During this time brother Cotham wrote and distributed fourteen different tracts, which were also translated and printed in a number of different languages.

As a Debater

     Three of Perry Cotham’s debates were published.  All three of them dealt with the issue of miracles and the operation of the Holy Spirit today.

     From March 31-April 2, 1981, brother Perry debated John Hartley.  The debate took place in Melbourne, Australia at the Belmore Road meetinghouse.

     In this debate, Hartley claimed to have the same powers which existed in the apostolic age.  Hence, he would be able to drink poison and live (per Mark 16:18).  Brother Cotham challenged this claim with a concoction he implied was poison.  The potion would have caused vomiting and diarrhea if Mr. Hartley had chosen to drink it.  However, Hartley avoided the little bottle throughout the debate.  It is believed that Hartley lost many of his followers as a result of this debate.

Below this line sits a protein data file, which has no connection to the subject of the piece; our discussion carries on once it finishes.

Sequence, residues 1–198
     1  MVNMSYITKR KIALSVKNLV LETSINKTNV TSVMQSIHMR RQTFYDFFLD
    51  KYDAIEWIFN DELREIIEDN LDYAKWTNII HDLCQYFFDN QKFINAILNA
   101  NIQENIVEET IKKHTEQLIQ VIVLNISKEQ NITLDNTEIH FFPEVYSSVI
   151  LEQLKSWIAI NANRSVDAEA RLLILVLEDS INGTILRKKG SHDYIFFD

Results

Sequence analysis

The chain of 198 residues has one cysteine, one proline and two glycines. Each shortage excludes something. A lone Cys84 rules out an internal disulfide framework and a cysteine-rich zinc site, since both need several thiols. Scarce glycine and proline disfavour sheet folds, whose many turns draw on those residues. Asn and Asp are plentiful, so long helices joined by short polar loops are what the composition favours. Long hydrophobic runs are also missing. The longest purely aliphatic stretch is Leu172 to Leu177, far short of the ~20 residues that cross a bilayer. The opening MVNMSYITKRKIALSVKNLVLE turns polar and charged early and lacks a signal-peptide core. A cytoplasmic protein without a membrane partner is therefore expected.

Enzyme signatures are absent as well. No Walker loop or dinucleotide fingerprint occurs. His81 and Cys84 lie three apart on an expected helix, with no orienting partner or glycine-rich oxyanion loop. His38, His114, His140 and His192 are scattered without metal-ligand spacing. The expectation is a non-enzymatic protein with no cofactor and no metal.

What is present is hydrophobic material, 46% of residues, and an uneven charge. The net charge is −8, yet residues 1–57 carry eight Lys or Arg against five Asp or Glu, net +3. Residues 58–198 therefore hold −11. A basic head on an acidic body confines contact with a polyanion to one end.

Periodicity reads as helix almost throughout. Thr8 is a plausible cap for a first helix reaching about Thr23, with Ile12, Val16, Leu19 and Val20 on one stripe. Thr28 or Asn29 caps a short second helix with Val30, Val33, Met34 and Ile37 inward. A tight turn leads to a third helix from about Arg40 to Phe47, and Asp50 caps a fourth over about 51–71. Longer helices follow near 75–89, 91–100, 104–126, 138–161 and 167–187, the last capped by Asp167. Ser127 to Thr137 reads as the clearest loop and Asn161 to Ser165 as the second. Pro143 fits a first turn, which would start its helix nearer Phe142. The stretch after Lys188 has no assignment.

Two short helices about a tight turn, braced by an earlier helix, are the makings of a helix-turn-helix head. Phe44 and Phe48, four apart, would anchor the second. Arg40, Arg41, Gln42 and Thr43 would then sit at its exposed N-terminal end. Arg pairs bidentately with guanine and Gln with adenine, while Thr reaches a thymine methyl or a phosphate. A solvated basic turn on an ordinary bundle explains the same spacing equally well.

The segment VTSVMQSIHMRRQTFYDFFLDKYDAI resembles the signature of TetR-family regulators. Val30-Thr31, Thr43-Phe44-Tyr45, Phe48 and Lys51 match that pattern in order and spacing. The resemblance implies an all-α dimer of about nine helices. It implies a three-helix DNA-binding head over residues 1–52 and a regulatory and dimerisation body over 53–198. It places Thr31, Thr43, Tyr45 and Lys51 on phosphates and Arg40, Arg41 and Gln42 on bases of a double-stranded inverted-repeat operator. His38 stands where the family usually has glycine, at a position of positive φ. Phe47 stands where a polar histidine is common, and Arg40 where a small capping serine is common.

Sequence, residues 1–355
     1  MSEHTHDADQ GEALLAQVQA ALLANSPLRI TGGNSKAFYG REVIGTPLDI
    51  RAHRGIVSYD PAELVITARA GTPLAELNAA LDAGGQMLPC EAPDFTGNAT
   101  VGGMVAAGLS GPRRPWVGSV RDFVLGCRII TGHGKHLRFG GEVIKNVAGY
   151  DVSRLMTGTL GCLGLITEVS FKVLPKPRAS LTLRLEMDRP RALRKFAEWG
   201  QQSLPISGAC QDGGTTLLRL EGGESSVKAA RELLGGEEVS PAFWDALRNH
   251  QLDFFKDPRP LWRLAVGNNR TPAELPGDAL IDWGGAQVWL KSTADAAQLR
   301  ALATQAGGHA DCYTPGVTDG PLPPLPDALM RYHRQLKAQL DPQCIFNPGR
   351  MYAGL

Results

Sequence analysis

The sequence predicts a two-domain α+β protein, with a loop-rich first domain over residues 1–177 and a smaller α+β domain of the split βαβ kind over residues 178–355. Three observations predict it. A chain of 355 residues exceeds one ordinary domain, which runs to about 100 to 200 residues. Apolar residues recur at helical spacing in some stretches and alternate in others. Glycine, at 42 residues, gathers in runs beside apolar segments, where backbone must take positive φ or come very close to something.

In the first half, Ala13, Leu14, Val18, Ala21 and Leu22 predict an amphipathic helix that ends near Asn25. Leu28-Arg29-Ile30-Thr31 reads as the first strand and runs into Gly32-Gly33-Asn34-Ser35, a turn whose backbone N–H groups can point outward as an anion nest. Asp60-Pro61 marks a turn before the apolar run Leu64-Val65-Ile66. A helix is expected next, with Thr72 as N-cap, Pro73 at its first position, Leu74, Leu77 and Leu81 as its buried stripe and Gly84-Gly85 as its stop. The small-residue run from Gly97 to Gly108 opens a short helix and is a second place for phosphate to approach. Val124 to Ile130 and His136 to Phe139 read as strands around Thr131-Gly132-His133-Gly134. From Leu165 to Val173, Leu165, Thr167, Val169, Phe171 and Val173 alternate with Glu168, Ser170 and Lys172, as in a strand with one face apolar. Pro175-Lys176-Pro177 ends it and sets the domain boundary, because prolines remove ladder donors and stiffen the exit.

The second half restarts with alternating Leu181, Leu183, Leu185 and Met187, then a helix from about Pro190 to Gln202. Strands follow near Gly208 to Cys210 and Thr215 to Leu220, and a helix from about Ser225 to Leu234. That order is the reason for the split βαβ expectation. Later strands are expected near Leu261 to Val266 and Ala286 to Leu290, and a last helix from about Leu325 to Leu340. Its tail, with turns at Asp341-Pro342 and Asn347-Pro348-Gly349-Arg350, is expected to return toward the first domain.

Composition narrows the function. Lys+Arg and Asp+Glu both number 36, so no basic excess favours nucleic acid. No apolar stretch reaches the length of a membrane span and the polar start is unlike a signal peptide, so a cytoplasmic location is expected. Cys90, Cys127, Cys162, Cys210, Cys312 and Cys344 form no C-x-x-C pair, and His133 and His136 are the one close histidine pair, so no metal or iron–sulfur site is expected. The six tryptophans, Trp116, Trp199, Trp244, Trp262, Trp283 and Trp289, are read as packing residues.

Perry B. Cotham also debated       Billy Davis, of Macon, Georgia, on the Godhead and miracles today.  The debate was held in the Swainsboro, Georgia high school auditorium December 7-10, 1986.

     Years later, brother Cotham recalled that “Shortly after the debate the Pentecostal church closed up and the local preacher, who served as one of the moderators, moved out of town.”

     Mr. Davis promised to have another debate, this time in Texas, but he would never respond to any calls or answer any letters.  Thus, no further debate was held.

     The third debate which was published was the Cotham-John Debate.  This debate was conducted in Grand Rapids, Michigan in the meeting house of the Eastern Avenue church of Christ on July 17-18, 1989.

     Concerning debates, brother Perry believed that “there has been a decline in debating in the past few years, largely due to the fact that preachers are not exposing religious errors in their preaching as was formerly done.”